Outdoor gardens brighten our living space. They may also produce vegetables for the larder and flowers for the table. A vast range of plants can be grown outdoors by gardeners at any skill level with a little basic information.
Originally, all plants were "outdoor plants." Beginning with ancient peoples, plants imported from other places became the first indoor plants. Outdoor plants are simply native or other plants that grow and reproduce with ease in a given geographical and climatological area.
Plants that grow, reproduce and die within one season are called annuals; those that repeat growth each growing season from the same plant are perennials. Biennials have a growth cycle of two years.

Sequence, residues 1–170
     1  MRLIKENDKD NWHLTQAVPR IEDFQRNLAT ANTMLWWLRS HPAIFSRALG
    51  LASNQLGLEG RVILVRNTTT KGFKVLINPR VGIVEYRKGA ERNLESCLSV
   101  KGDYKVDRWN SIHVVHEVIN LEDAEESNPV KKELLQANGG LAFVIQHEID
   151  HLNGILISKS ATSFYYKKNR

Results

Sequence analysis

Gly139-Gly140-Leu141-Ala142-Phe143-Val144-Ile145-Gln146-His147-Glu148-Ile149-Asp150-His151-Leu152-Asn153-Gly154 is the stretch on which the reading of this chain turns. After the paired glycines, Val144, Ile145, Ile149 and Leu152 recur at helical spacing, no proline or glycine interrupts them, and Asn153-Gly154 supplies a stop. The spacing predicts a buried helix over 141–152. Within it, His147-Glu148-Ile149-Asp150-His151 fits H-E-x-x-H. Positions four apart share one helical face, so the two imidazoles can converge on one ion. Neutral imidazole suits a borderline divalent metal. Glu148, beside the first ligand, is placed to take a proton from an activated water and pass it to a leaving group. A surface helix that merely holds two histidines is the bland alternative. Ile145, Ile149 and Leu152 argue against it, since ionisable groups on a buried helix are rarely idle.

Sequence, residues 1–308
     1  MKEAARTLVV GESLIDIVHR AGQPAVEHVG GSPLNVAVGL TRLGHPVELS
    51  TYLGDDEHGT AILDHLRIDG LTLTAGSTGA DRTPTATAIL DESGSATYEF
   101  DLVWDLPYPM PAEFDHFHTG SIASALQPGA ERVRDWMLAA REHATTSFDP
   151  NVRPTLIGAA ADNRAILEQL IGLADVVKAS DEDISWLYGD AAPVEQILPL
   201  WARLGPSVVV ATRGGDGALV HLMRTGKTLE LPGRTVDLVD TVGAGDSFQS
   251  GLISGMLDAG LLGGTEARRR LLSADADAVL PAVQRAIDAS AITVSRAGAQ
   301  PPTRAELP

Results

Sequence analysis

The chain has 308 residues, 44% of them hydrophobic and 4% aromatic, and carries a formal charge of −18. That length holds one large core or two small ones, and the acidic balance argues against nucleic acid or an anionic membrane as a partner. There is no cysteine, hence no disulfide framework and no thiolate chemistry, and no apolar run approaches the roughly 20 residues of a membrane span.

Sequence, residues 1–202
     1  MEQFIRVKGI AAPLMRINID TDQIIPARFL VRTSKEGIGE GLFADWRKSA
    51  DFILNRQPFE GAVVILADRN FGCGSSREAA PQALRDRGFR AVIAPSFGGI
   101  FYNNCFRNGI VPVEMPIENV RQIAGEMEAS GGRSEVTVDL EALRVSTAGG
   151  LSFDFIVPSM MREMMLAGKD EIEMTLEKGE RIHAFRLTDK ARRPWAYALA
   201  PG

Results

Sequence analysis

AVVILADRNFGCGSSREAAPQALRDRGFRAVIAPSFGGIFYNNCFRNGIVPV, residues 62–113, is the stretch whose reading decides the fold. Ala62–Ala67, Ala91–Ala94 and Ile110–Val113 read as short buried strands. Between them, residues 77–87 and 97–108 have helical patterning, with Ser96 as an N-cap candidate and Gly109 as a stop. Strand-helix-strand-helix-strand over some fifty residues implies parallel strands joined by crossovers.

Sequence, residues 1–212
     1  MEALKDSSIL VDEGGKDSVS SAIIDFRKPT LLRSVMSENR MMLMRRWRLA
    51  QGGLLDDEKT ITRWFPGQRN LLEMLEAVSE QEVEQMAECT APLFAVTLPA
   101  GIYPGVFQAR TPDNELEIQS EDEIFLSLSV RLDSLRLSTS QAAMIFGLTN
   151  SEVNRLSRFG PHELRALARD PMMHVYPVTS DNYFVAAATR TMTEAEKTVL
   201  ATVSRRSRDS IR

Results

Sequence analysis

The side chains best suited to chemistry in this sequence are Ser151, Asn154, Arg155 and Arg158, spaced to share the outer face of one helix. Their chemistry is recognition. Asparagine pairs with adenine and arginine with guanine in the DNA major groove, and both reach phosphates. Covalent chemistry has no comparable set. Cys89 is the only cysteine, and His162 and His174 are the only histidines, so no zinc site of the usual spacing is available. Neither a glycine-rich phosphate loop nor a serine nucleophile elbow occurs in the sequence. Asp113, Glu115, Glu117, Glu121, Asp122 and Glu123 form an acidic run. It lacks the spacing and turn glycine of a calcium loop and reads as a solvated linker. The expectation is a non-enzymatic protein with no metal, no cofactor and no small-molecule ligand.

Plants may be hardy, tender or tropical, which refers to their toughness in a given area. Tender plants are easily killed by cold weather and tropical plants need warm air and high humidity to flourish.
Plants with similar hardiness and growth characteristics are native to or adapt easily to growth in geographic areas called growing zones, which are similar in landforms and climate. A plant that can survive without help in a growing zone is considered an outdoor plant.
Plants develop natural defenses as they adapt to environments. Some adapt by growing spines, thorns or tough skins. Others produce toxins that are found in their skin, fruit or sap.